A Rift Over Migrants

The worst migrant crisis since World War II has exposed such bitter divisions in Europe that it was only a matter of time until someone invoked the Nazis.

A Croatian police officer directs a migrant on the no-man's land at the Sid border crossing between Serbia and Croatia. (Darko Vojinovic / AP)

The worst migrant crisis since World War II has exposed such bitter divisions in Europe that it was only a matter of time until someone invoked the Nazis.

That reference came from a Serbian Foreign Ministry incensed over Croatia’s decision to ban Serbs and their cars from entering the country:

In their discriminatory character, they can only be compared with measures taken in the past, during the fascist Independent Croatia.

That’s a reference to the Nazi-backed Ustaše regime of Ante Pavelic, whose racist policies included the persecution of Serbs.

The dispute stems from the flow of migrants to the EU. Croatia is a member of the bloc; Serbia is not. When their northern neighbor Hungary, also an EU member, closed its border to the flow, some 50,000 asylum-seekers crossed from Serbia into Croatia.

Croatia says it can’t cope with that many migrants, and in order to pressure Serbia into sending some of them to Romania and Hungary it closed nearly all of its border crossings with Serbia and then halted cargo traffic from its neighbor. That led to further tit-for-tat steps and the Nazi analogy.

The retaliatory measures by the two former Yugoslav states threaten to undermine whatever goodwill was built up after the bitter civil wars that accompanied the breakup of the former Yugoslavia. But they also make increasingly clear that a resolution of the migrant crisis is unlikely anytime soon.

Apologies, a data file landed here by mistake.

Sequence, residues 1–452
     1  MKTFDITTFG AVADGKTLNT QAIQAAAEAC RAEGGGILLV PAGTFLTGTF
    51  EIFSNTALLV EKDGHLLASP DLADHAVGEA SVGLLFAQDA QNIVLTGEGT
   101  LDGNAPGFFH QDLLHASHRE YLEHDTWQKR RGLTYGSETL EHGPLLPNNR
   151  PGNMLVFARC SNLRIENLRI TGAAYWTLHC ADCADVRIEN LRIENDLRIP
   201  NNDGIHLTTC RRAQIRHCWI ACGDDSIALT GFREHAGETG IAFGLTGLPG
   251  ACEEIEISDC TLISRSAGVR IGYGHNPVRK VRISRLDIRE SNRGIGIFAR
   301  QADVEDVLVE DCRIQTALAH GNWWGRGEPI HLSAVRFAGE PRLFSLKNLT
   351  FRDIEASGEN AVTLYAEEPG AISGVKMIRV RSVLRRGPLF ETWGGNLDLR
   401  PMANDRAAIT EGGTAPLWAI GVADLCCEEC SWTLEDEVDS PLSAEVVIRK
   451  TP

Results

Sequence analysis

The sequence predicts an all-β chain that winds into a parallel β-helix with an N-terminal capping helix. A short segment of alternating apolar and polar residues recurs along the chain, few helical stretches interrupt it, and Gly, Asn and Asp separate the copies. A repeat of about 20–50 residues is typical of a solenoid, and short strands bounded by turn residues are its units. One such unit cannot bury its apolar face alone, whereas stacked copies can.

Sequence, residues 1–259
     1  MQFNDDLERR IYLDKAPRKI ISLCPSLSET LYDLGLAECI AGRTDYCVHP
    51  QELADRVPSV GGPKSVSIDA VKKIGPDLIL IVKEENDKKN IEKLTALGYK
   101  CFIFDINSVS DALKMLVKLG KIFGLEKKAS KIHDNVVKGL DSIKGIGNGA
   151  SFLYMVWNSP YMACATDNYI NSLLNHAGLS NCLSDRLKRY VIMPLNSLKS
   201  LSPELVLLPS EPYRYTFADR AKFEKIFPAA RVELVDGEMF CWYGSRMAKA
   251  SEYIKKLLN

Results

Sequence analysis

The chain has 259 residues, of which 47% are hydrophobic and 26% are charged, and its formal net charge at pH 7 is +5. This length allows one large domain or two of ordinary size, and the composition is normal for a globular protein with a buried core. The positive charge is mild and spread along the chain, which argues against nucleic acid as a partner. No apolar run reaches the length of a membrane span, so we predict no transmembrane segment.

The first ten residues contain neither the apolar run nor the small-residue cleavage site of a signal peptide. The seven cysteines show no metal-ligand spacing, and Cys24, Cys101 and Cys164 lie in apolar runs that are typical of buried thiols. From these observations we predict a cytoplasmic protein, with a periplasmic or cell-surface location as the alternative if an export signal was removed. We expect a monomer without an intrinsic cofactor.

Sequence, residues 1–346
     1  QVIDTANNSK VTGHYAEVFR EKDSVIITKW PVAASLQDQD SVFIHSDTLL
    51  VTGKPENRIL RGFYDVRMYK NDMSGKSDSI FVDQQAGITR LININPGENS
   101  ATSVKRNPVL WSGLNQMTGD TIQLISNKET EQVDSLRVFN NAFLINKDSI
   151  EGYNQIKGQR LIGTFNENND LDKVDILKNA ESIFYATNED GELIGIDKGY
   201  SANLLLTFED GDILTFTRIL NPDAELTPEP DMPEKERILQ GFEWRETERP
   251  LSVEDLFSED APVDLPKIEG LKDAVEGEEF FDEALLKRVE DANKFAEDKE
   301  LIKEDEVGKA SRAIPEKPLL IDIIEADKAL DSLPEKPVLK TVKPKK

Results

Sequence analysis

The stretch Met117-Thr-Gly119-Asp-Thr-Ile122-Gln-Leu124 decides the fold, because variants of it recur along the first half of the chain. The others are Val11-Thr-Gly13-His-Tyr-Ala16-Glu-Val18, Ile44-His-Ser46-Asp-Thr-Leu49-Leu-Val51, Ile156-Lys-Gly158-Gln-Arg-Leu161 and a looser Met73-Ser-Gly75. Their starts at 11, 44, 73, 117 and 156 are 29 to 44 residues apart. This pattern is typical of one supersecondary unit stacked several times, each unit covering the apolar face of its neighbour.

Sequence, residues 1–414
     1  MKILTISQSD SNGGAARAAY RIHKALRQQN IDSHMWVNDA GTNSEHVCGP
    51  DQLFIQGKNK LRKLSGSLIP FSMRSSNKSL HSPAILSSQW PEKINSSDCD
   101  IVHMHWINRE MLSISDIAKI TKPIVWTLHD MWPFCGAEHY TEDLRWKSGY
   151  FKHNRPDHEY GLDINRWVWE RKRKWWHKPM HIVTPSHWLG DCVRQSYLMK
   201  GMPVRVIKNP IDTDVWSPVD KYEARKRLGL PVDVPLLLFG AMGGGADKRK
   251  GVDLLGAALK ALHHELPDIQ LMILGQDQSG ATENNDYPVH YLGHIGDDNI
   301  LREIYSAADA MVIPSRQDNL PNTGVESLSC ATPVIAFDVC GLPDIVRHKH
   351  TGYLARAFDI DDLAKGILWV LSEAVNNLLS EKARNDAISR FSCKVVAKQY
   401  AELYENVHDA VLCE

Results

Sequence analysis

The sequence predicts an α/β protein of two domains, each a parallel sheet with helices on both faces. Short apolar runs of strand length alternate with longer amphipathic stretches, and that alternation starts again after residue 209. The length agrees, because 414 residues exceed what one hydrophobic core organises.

That became apparent at an EU summit Wednesday at which leaders were unable to forge a common policy to deal with the crisis. But they did agree to give U.N. agencies who work with Syrian refugees about $1.1 billion, and, in the words of The Guardian, “[threw] money at aid agencies and transit countries hosting millions of Syrian refugees and ... [agreed] to step up the identification and finger-printing of refugees in Italy and Greece by November.”

The UN High Commissioner for Refugees welcomed the money, but expressed disappointment that “no further measures have been proposed to create more legal pathways for refugees to reach safety in Europe.”

One reason for the division is individual EU member states differ on whether they want migrants. Germany, France, and Sweden have been the most welcoming. Central European states such as Hungary have not. Earlier this week, EU ministers agreed to distribute 120,000 migrants among the member states, but via a majority vote—not through consensus as the bloc typically acts. The plan was strongly opposed by Hungary, Slovakia, and other Central European states.

Donald Tusk, the European Commission president who chaired Wednesday’s summit in Brussels, warned the worst is yet to come, and he added: “We need to correct our policy of open doors and windows.”

The Guardian adds:

Seldom had EU leaders met so divided. And seldom have the stakes been higher in the need to forge common ­positions to cope with the crisis and to limit the damage from months of blame games. The main aim was to cool tempers and try to strike a consensus on what to do. The results were inconclusive and the same issues will dominate yet another summit in three weeks.